The Financial Impact of COVID-19 on California Hospitals
In mid-March 2020, the world changed for Californians and their health care system. As COVID-19 infections began spreading across California, Governor Gavin Newsom announced a statewide shelter-in-place order and requested that the state’s hospitals increase their inpatient bed supply from approximately 80,000 to 130,000 — a 62% increase. Health care leaders and the state moved quickly to enhance capacity.
Before the pandemic, California’s hospitals collectively averaged nearly 257,000 inpatient and four million outpatient visits each month. As COVID-19 containment efforts took hold, patient volume fell precipitously as hospitals discontinued elective and nonurgent care at the urging of the US Surgeon General, professional organizations, and state officials.
With a decline in operating revenue and added COVID-19-related expenses, profitability at acute care hospitals in California has likely decreased substantially. This report provides initial estimates of some of the immediate financial and longer-term impacts of the COVID-19 pandemic on California’s hospitals and health care system. Data sources include California’s Office of Statewide Health Planning and Development and Collective Medical, a care coordination software company and investee of CHCF’s Health Innovation Fund.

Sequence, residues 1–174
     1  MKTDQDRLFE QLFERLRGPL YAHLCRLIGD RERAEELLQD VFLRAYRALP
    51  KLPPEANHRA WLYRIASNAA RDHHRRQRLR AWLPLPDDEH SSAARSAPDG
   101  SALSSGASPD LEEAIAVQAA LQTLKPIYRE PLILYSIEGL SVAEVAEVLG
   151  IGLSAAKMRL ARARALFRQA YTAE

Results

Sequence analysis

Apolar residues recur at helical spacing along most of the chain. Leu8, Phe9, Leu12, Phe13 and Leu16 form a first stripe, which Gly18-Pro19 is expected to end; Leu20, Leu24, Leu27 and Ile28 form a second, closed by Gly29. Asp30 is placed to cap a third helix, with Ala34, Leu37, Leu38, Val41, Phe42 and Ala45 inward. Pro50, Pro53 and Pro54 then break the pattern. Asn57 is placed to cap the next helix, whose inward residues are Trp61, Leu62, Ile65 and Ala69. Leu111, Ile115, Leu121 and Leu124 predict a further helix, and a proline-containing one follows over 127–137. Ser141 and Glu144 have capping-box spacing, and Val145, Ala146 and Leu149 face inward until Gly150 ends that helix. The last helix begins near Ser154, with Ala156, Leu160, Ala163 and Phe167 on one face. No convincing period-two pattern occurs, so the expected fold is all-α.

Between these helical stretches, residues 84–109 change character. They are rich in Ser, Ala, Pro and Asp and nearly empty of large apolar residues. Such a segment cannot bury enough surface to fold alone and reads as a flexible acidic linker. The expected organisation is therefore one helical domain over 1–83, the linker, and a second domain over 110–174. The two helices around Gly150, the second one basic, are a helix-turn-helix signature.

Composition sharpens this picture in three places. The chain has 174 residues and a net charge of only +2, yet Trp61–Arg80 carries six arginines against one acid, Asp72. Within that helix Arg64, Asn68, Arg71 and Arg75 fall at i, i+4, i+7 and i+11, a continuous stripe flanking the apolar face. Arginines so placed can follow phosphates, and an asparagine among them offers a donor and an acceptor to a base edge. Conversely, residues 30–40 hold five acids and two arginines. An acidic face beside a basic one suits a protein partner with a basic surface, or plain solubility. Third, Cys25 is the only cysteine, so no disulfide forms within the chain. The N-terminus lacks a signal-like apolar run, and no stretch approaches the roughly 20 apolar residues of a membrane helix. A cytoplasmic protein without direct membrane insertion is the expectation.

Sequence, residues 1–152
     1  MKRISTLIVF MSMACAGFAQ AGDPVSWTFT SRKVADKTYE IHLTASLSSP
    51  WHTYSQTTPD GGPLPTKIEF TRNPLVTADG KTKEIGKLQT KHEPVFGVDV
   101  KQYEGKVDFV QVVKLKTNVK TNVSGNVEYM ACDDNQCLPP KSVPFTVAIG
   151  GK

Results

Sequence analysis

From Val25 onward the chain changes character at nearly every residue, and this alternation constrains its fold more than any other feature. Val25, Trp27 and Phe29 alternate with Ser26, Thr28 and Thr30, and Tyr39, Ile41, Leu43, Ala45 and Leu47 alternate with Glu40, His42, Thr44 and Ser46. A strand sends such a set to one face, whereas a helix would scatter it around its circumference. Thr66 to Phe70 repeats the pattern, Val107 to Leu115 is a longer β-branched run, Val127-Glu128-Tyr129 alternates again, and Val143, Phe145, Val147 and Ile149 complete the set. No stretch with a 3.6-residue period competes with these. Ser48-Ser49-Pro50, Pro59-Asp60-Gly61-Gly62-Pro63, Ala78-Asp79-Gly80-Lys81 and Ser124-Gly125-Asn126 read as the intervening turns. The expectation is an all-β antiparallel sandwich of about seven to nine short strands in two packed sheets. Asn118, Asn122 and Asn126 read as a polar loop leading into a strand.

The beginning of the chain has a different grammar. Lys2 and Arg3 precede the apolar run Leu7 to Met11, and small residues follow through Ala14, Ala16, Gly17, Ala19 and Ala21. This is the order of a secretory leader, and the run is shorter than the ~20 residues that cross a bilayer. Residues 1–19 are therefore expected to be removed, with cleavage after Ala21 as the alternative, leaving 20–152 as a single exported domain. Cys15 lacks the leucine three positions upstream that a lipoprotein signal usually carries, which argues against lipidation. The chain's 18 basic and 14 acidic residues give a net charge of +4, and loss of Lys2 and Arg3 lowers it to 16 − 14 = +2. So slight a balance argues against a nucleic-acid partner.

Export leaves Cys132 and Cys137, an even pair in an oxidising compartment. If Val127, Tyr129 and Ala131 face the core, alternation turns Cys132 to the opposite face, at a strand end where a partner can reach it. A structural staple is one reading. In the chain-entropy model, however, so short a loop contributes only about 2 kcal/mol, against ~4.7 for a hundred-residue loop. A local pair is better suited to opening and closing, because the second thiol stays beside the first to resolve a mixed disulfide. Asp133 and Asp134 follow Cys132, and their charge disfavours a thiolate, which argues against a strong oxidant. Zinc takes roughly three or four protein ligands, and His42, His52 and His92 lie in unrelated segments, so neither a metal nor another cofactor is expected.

In the medium and longer term, the authors project that hospitals in the state will experience significant downward pressure on revenue as more Californians shift from employer-based to public health insurance coverage. Meanwhile, absent additional public sources of funding, preparation for future pandemic and public health emergencies could add to underlying cost structures. These forces, along with ongoing pressure to reduce health system spending, will require hospitals to find new operational efficiencies to survive in a post-COVID-19 environment.
About the Authors
Glenn Melnick, PhD, is Blue Cross of California Chair in Healthcare Finance and professor of public policy at the University of Southern California. Susan Maerki, MHSA, MAE, is an independent health consultant and former director and health policy specialist at PwC.